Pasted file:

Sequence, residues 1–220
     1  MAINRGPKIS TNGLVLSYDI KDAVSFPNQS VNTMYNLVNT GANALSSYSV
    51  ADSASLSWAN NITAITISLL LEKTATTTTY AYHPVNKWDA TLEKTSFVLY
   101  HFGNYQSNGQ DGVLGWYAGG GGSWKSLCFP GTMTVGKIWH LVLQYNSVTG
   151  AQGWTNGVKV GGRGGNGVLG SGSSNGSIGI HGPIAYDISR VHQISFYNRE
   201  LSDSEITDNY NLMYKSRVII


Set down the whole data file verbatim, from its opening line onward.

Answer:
Sequence, residues 1–220
     1  MAINRGPKIS TNGLVLSYDI KDAVSFPNQS VNTMYNLVNT GANALSSYSV
    51  ADSASLSWAN NITAITISLL LEKTATTTTY AYHPVNKWDA TLEKTSFVLY
   101  HFGNYQSNGQ DGVLGWYAGG GGSWKSLCFP GTMTVGKIWH LVLQYNSVTG
   151  AQGWTNGVKV GGRGGNGVLG SGSSNGSIGI HGPIAYDISR VHQISFYNRE
   201  LSDSEITDNY NLMYKSRVII